16 Close one or both carriageways Decide in the early stages whether to close carriageways. Closure entails the placement of barriers at crossroads and diverting traffic (see 6 Additional measures, page 27). If you take too long to decide, the traffic will organize itself. When you take this decision, remember that the IM emergency workers need a safe worksite with room to manoeuvre. Decide whether to close the road to traffic from one or both directions and pass on your decision to your own control centre so that they can take the necessary steps (see frame 9, page 14). Standard nationwide road lay-out in the Netherlands for sustainable safety. 4.2 The four-step approach in four basic situations As no two situations are the same, it is impossible to describe them all. We have therefore selected four situations to demonstrate the agreed four-step approach. These situations are: 1 an i in one lane; 2 an i across the carriageway; 3 an i at a junction; 4 an i on a roundabout An i in one lane The first emergency vehicle stops at the i scene. The IM emergency worker who arrives first at the scene implements the initial safety measures: Place the vehicle in a straight line at a distance of [max. speed > metres] before the i; Turn the front wheels away from the traffic; Turn on the alternating lights; Leave the rotating light on; Turn off the front flashers. [max. speed > metres] 15

17 OR, if the emergency worker arrives from the other direction: Park the vehicle in a straight line at a distance of [max. speed > metres] beyond the i; Turn the front wheels away from the traffic; Switch on the alternating lights; Leave the rotating light on; Turn off the front flashers. [max. speed > metres] Halting traffic in both directions Halting traffic in direction 1 Step out of the car carefully, wearing safety clothing; Signal to the first vehicle to stop and tell the driver from the passenger s side to wait there and switch on his warning lights; Collect the five traffic cones; Watch out for oncoming traffic; Place two cones between the emergency vehicle and the i, keeping an eye on the traffic. 16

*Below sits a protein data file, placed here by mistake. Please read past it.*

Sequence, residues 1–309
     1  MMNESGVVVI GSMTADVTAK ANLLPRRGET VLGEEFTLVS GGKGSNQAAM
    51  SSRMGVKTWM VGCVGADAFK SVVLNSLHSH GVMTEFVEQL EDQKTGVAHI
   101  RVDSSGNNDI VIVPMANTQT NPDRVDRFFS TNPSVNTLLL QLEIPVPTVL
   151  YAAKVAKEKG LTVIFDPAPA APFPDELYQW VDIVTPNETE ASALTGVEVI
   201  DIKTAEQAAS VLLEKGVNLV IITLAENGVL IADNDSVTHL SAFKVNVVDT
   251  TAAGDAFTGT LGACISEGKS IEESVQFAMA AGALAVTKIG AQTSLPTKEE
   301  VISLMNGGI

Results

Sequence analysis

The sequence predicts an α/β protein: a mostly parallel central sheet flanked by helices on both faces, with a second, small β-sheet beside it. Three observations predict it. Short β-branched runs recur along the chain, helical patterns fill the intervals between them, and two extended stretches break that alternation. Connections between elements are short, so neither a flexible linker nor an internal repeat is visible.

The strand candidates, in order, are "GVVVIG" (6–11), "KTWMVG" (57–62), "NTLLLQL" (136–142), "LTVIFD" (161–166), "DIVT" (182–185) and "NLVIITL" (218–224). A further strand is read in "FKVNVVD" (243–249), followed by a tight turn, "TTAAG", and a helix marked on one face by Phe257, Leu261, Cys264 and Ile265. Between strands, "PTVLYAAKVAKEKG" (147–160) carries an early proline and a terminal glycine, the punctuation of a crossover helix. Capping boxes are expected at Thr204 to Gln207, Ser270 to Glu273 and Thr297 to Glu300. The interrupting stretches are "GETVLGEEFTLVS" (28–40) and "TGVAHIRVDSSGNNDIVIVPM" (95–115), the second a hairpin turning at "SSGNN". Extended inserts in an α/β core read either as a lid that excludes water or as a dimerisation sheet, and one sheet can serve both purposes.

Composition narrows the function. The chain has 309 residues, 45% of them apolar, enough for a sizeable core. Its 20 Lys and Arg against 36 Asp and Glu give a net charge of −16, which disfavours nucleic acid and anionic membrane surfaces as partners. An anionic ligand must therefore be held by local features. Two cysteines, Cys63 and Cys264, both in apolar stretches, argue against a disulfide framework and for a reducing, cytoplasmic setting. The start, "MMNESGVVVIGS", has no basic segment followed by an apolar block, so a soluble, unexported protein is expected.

18 Halting traffic in direction 2 Walk to a distance of [max. speed > metres] beyond the i; (As you pass you will get a general impression of the situation. But do not let the accident distract you from first halting the traffic from the other direction.) Signal to the first vehicle to stop and tell the driver from the passenger s side to stand still and switch on his warning lights; Place the other three cones squarely across the carriageway; Request automatic traffic measures (if available) via your own control centre. [max. speed > metres] Survey the i scene Survey the i scene from a multidisciplinary perspective to pass on a situational report for all parties (see frame 7, page 12): Traffic i: is the damage only material or are there also casualties? Exact location: is the location correct? Nature of the i: what has happened? Are there signs of a high-energy collision? Risks: hazardous substances, fire, water, leaks? Are there exceptional weather conditions: low-lying sun, heavy rain, snow, ice, mist? Access route: what is the best access route: risk zone, wind direction, accessibility? Extent: - Number of casualties? Inside or outside the car(s)? Any life-threatening injuries? - Number of vehicles? How many passenger cars/lorries are involved in the i? Can they be rolled away? Extra back-up: is extra back-up required from the IM emergency services? - Is evidence collection needed? - Damage to the environment, road surface, crash barrier, street furniture or artworks? How long is the i expected to last? Closing the road in one or both directions Decide in the early stages whether or not to close the road. And if so, in only one direction or both? Pass on your decision to your own control centre. 17